“There’s a lot I’m proud of and there’s a lot that needs fixing,” Simmons said. “I’m pleased with some of the things, but overall, there’s much more work to be had.”
Hill played 10 years in the NFL, starting 114 games and intercepting 19 passes. With that experience as a guide, does Simmons compare to any former teammate or opponent?
“He’s very unique,” Hill said. “He has size (202 pounds), length (6-foot-2) and great ball skills. Most of the bigger safeties I’ve seen are more compact, but Justin is long and wiry and he knows his traits and if he’s at the line, he knows how to use his hands and be physical.
“He’s a big combination of a lot of things. I can’t put him in the box. I really enjoy what he brings to the game.”
Hill is right-on about what Simmons brings to the Broncos’ defense — myriad skills that allow Fangio to move him all over the field. He can cover a receiver at the goal line. He has been used more as a blitzer this season. He can storm through a gap in the line and play the run. And he’s durable — his 2,681 consecutive snaps played since the start of 2018 is the NFL’s longest current streak.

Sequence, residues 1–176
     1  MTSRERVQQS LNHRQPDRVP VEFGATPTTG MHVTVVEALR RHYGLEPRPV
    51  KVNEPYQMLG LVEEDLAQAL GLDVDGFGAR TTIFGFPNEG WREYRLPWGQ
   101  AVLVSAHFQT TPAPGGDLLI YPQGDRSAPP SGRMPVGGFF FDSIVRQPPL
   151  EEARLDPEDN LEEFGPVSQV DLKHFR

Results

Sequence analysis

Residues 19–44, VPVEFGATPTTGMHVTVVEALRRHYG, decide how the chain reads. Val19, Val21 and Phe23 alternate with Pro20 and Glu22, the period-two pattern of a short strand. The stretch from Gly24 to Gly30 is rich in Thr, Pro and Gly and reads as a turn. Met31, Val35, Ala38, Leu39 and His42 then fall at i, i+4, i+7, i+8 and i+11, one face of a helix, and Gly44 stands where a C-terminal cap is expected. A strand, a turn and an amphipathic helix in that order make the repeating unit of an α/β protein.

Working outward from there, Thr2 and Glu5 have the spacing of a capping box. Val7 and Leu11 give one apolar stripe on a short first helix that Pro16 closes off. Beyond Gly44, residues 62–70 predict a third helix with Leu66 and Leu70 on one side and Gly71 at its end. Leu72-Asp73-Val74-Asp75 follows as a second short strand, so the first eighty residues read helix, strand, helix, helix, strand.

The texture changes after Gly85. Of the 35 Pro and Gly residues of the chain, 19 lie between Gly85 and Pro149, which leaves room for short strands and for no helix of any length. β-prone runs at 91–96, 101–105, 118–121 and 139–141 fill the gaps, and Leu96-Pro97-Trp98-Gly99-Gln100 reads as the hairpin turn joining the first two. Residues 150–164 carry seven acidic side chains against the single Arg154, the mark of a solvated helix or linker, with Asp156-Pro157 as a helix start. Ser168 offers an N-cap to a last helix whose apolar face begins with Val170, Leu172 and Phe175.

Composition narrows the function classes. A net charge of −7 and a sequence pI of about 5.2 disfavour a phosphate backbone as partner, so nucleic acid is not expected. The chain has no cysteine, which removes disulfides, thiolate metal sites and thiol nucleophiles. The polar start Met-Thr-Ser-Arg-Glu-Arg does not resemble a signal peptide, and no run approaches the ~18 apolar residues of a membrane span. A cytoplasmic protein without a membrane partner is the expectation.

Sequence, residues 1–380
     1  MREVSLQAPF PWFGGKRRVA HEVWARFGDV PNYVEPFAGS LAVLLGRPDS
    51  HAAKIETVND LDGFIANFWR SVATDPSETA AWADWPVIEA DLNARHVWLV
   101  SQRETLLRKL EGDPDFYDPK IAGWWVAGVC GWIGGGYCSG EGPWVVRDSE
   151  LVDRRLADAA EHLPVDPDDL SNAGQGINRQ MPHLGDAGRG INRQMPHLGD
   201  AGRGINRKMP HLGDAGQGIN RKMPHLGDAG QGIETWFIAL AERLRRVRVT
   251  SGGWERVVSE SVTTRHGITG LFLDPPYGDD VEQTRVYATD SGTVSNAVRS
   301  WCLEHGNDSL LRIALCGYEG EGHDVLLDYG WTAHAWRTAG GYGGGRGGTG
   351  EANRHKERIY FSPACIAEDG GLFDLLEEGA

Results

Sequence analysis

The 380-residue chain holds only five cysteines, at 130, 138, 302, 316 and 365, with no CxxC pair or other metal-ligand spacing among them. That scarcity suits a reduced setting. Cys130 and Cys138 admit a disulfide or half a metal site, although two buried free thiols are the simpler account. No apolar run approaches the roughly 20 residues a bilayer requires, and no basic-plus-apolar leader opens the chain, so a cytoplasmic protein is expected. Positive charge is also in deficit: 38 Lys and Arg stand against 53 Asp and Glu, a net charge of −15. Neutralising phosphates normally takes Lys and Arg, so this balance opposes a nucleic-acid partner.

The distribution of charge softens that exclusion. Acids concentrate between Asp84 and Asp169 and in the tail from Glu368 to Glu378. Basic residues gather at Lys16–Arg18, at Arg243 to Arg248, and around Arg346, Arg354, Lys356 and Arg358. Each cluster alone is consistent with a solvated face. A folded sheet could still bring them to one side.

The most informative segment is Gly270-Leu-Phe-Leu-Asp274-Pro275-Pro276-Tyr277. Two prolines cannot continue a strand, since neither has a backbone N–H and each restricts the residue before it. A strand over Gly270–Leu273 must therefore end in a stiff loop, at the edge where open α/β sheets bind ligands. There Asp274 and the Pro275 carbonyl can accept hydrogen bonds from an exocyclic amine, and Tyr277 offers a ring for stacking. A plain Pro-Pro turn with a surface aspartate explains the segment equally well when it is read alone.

“He’s always in the right spot,” said Bouye, in his first year with the Broncos. “He moves fast on the field and you don’t see him hesitating at all. The way our defense is with certain calls, he’s lining us up. Just to have him on my side is a good thing with me being new to the defense.”
Said Simmons: “Part of what makes him Vic great at what he does is the unpredictability of his calls and moving guys around and in different positions to make plays. All in all, there’s really no telling a lot of the time what’s going in the mad scientist’s head.”
Any analysis of Simmons starts with his ability to make interceptions. His 14 career picks are tied for third-most in Broncos history for a player’s first five seasons. He played center field for both of his interceptions in the past two games.
“That’s one thing when you’re evaluating a safety that you ask: How well do they play the ball in the deep part of the field?” Hill said. “He has a great feel for where the threats are around him. Sometimes, safeties are blind to what’s happening on the other side of the field, but his head is on a constant swivel identifying routes and also have range — he can track the ball where some safeties may lose it in the lights or misjudge it.”
Contract not discussed